Julie A Sarlo

Montefiore Medical Center, New York, New York, United States

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Publications (5)14.69 Total impact

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    ABSTRACT: Primary HIV-1 isolates are relatively resistant to neutralization by antibodies commonly induced after infection or vaccination. This is generally attributed to masking of sensitive epitopes by the V1/V2 domain and/or glycans situated at various positions in Env. Here we identified a novel masking effect mediated by subtype C-specific V3 sequences that contributes to the V1/V2-independent and glycan-independent neutralization resistance of chimeric and primary Envs to antibodies directed against multiple neutralization domains. Positions at several conserved charged and hydrophobic sites in the V3 crown and stem were also shown to affect neutralization phenotype. These results indicated that substitutions typically present in subtype C and related V3 sequences influence the overall conformation of native Env in a way that occludes multiple neutralization targets located both within and outside of the V3 domain, and may reflect an alternative mechanism for neutralization resistance that is particularly active in subtype C and related isolates.
    No preview · Article · Jan 2014 · Virology
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    Full-text · Article · Sep 2012 · Retrovirology
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    ABSTRACT: Most studies employing electronic bottle monitors to measure antiretroviral adherence are limited to 24 weeks of duration, providing a snapshot of adherence from a treatment course that may be lifelong. The stability of these measures in individual patients over time has not been previously described. We measured antiretroviral adherence using Medication Event Monitoring System (MEMS) caps in a patient cohort in 2004 and 2005 and repeated the measurement in 2008 and 2009. Forty-eight participants completed both monitoring periods. Mean adherence rates in the first and second periods were 74.2% and 68.9%, respectively. Adherence rates from the 2 periods for individual participants were highly correlated (Spearman rho = .66, P < .001).
    No preview · Article · Jan 2012 · Journal of the International Association of Physicians in AIDS Care (JIAPAC)
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    ABSTRACT: The inhibitory effect of ritonavir on hepatic cytochrome P450 enzymes is a critical factor in achieving optimal levels of co-administered "boosted" protease inhibitors (PIs). Even though nonadherence to antiretroviral medications is a common phenomenon, the prevalence of selective ritonavir nonadherence and dosestaggering (i.e., separating ritonavir and boosted PI doses in time) are unknown. HIV-1-infected adults receiving a regimen containing ritonavir-boosted atazanavir or fosamprenavir were recruited into a prospective study of adherence and dosage timing of both agents. These parameters were measured over 24 weeks using the Medication Event Monitoring System (MEMS; Aardex, Union, California, USA). A subject was deemed to be selectively nonadherent to ritonavir if his/her adherence rate to the boosted PI exceeded that of ritonavir by >5%. Dose-staggering was defined as a temporal separation of boosted PI from its corresponding ritonavir dose of >4 hours but <12 hours. The final study population consisted of 36 subjects. Three subjects (8.3%) were selectively nonadherent to ritonavir, 17 (47.2%) staggered any doses of ritonavir, and 3 (8.3%) staggered more than 5% of their ritonavir doses. Two of these three were also selectively nonadherent to ritonavir. There was no evident impact of these behaviors on HIV viral load (VL); all subjects who were selectively nonadherent to or frequently staggered doses of ritonavir had VL <75 copies/mL at 24 weeks. Selective ritonavir nonadherence and dose-staggering occurs in a small but significant minority of boosted PI recipients.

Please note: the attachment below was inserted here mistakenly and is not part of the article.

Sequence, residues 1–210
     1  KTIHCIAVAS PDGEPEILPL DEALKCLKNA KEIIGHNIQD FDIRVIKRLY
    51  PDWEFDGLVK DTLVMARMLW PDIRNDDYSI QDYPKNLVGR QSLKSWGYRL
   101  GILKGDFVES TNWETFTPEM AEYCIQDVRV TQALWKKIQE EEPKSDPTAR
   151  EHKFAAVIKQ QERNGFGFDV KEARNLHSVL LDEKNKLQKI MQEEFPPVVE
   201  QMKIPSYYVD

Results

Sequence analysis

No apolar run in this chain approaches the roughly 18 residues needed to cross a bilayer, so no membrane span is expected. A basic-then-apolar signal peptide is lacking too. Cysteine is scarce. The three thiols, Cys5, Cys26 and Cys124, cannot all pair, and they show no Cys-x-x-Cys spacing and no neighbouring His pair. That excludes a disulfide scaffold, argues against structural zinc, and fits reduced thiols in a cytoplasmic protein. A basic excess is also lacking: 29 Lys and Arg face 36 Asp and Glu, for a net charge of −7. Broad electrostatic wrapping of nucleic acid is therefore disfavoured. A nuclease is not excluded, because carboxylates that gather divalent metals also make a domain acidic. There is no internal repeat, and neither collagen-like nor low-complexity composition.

No preview · Article · May 2009 · HIV Clinical Trials
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    ABSTRACT: The observation that extremely high levels of medication adherence are required to achieve complete virologic suppression is based largely on studies of treatment-experienced patients receiving HIV protease inhibitor (PI)-based therapy without ritonavir boosting. This study aims to define the level of adherence needed to achieve virologic suppression in patients receiving boosted PI-based highly active antiretroviral therapy (HAART) with lopinavir/ritonavir. HIV-infected adults receiving a regimen containing lopinavir/ritonavir were recruited into a prospective, observational study of the relation between adherence to lopinavir/ritonavir and virologic outcomes. Adherence was measured using the Medication Event Monitoring System (MEMS; Aardex, Union City, CA). HIV-1 viral load (VL) was measured at week 24. The final study population contained 64 subjects. Eighty percent had AIDS, 97% received lopinavir/ritonavir before enrollment, and most had more than 7 years of HAART experience. Mean adherence overall was 73%. Eighty percent and 59% achieved a VL <400 copies/mL and a VL <75 copies/mL, respectively. Mean adherence was 75% in those achieving a VL <75 copies/mL. High rates of virologic suppression were observed in all adherence quartiles, including the lowest quartile (range of adherence: 23.5%-53.3%). Moderate levels of adherence can lead to virologic suppression in most patients taking lopinavir/ritonavir-based HAART.
    No preview · Article · May 2007 · JAIDS Journal of Acquired Immune Deficiency Syndromes